Which resistors to use for LED?

Hello All

I am building a simple motor controller and wish to add LEDs to indicate when the motor is energised one way or the other.

I am aware of online utilities such as http://led.linear1.org/1led.wiz which assist in calculating the resistor required for an LED at a given voltage, but my problem is the given voltage (motor supply voltage) can range from 3v to 36v.

What is the recommended approach in selecting resistors when the voltage is not known in advance?

The only option I can think of is to use a resistor for the maximum rated voltage and make do with very dim LEDs (if they light at all) at the lower voltages.

Alternatively I gues I could use a pot but that is a pot per LED which will mean 4+1 pots for a dual motor + motor power supply LED. Seems a bit over the top to add 5 pots and then top expect the user to set all 5 pots depending on the motor supply voltage...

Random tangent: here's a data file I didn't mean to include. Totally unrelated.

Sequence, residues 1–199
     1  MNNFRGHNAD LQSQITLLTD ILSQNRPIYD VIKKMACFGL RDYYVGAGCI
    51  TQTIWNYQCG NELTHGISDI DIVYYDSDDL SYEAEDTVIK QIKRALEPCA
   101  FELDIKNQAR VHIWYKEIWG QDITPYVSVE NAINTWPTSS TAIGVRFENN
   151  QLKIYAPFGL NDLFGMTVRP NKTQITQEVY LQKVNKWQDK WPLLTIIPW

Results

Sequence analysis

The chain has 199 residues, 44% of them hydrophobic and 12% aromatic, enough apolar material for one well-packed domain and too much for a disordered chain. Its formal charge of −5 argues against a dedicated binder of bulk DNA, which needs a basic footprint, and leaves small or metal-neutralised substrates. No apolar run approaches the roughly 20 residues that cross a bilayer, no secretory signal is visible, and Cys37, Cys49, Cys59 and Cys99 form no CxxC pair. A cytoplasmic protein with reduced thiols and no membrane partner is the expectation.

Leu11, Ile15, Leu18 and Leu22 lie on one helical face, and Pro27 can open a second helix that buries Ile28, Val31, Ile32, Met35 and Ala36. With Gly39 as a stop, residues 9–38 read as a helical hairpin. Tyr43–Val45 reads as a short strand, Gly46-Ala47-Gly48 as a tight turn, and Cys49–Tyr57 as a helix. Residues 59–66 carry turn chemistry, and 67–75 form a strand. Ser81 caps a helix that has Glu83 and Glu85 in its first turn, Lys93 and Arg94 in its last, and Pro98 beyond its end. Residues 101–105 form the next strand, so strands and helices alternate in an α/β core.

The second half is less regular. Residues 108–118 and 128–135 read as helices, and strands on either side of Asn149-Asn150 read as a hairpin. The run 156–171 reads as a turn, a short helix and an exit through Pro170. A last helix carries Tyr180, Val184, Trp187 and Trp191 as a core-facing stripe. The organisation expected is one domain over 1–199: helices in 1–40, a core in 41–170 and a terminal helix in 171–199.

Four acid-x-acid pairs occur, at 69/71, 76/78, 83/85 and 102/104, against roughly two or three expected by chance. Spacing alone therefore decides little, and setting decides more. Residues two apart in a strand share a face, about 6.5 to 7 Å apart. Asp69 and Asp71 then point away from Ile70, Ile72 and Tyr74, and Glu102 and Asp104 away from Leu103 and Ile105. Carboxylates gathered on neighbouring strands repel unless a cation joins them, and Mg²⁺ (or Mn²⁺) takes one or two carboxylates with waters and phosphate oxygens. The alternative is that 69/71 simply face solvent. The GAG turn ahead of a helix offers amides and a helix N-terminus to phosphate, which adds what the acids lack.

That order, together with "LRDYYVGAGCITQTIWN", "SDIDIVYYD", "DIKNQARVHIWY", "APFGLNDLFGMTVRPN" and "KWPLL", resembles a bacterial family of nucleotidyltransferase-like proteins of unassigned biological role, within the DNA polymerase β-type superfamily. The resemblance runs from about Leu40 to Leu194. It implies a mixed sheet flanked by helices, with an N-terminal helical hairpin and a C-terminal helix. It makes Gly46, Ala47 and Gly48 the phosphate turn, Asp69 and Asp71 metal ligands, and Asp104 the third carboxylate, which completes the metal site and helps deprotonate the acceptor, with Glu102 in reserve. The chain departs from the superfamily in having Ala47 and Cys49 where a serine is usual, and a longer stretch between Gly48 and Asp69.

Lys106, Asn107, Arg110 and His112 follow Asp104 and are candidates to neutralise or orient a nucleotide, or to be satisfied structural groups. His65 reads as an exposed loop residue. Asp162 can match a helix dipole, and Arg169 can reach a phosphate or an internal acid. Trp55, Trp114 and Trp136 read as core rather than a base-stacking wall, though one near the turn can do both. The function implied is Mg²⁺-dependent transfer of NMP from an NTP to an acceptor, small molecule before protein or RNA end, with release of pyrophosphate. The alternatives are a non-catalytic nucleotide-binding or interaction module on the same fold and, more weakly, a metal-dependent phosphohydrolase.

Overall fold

Any advice would be appreciated.

What is the recommended approach in selecting resistors when the voltage is not known in advance?

Use a constant current source.

rather than drive the LEDs directly from the motor drive them from the motor control signal

Use a constant current

Something like this:- http://uk.farnell.com/on-semiconductor/nsi45030at1g/ic-ccr-led-driver-linear-sod-123/dp/1787605

@AWOL & Mike Thanks regarding info about constant current source. I have never heard of such so I do appreciate your link to clarify Grumpy. :D

@mmcp42 I could do that, and it is a possible solution, but if I wish to use the LEDs as a debugging tool to ensure the motors are actually getting current I need the LEDs on the motor wires rather than on the control signal. I will consider it since it is a cheaper solution at this time - I do not have any LED drivers, but next time I place an online order for parts I will include the LED drivers.

It might be that I end up simply putting on a resistor as applicable to the largest voltage and replacing with a constant current source when such time comes... I will need to see if the LED lights up with the lowest voltage.

Always learning more :)